September 2021
Volume 21, Issue 9
Open Access
Vision Sciences Society Annual Meeting Abstract  |   September 2021
Is Contextual Cueing Unconscious? The Indirect Task Advantage in Implicit Learning
Author Affiliations & Notes
  • Sascha Meyen
    Experimental Cognitive Science, University of Tübingen, Tübingen, Germany
  • Ulrike von Luxburg
    Theory of Machine Learning, University of Tübingen, Tübingen, Germany
    Max Planck Institute for Intelligent Systems, Tübingen, Germany
  • Volker H. Franz
    Experimental Cognitive Science, University of Tübingen, Tübingen, Germany
  • Footnotes
    Acknowledgements  Supported by the Deutsche Forschungsgemeinschaft (DFG, German Research Foundation) through CRC 1233 “Robust Vision”, 276693517; the Institutional Strategy of the University of Tübingen (DFG, ZUK 63); the Cluster of Excellence “Machine Learning: New Perspectives for Science”, EXC 2064/1, 390727645.
Journal of Vision September 2021, Vol.21, 1831. doi:
  • Views
  • Share
  • Tools
    • Alerts
      This feature is available to authenticated users only.
      Sign In or Create an Account ×
    • Get Citation

      Sascha Meyen, Ulrike von Luxburg, Volker H. Franz; Is Contextual Cueing Unconscious? The Indirect Task Advantage in Implicit Learning. Journal of Vision 2021;21(9):1831.

      Download citation file:

      © ARVO (1962-2015); The Authors (2016-present)

  • Supplements

We have recently shown that typical results from the unconscious priming paradigm suffer from serious methodological flaws that call into question the conclusions of many unconscious priming studies. Here, we describe a similar problem in the contextual cueing literature. In the priming paradigm, participants perform close to chance when directly attempting to identify or discriminate prime stimuli (direct task). Nevertheless, the same stimuli indirectly affect responses (e.g., priming effects on reaction times). From this pattern of results, researchers typically infer better sensitivity for the stimuli in the indirect than direct task, which is further interpreted as processing outside of conscious awareness. However, we have shown that this inference is flawed (Meyen et al., 2020). Similar to the priming paradigm, the contextual cueing paradigm follows the same logic: Participants show close to chance sensitivity in a direct task. In an indirect task, clear cueing effects on reaction times are found. This pattern of results is again used to infer better sensitivity in the indirect than direct task, which is then the basis for further-reaching inferences about unconscious processing. We generalized our methods to the typical contextual cueing paradigm (which often utilizes more response alternatives than the priming paradigm) and estimated the sensitivities of responses in the direct and indirect tasks based on the typically reported results. To do so, we present a model that relates participants’ sensitivity in the direct task to the size of cueing effects in the indirect task. This allows us to compare sensitivities between the two tasks and test for a difference, which is required to make further inferences on unconscious processing. We reanalyzed multiple studies showing that some fail to provide evidence for better sensitivity in the indirect task, thereby calling into question the corresponding inferences about conscious/unconscious processing.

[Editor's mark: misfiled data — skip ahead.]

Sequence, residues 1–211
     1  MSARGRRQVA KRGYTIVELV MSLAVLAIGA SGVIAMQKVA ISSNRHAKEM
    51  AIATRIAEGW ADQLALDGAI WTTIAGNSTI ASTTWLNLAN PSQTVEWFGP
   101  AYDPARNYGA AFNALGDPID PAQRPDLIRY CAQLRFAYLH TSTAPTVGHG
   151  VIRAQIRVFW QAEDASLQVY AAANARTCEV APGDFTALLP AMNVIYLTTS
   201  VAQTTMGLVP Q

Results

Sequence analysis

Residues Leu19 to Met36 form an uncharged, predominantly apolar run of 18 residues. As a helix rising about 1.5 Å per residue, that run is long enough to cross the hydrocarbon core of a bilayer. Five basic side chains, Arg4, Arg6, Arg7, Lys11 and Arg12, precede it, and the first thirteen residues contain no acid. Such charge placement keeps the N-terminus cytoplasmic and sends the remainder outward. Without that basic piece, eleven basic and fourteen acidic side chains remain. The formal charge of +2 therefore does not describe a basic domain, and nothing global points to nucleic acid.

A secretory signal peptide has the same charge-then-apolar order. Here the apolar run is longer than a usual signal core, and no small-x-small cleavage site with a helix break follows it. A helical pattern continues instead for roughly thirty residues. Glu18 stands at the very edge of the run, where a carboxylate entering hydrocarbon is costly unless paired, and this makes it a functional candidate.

This PDF is available to Subscribers Only

Sign in or purchase a subscription to access this content. ×

You must be signed into an individual account to use this feature.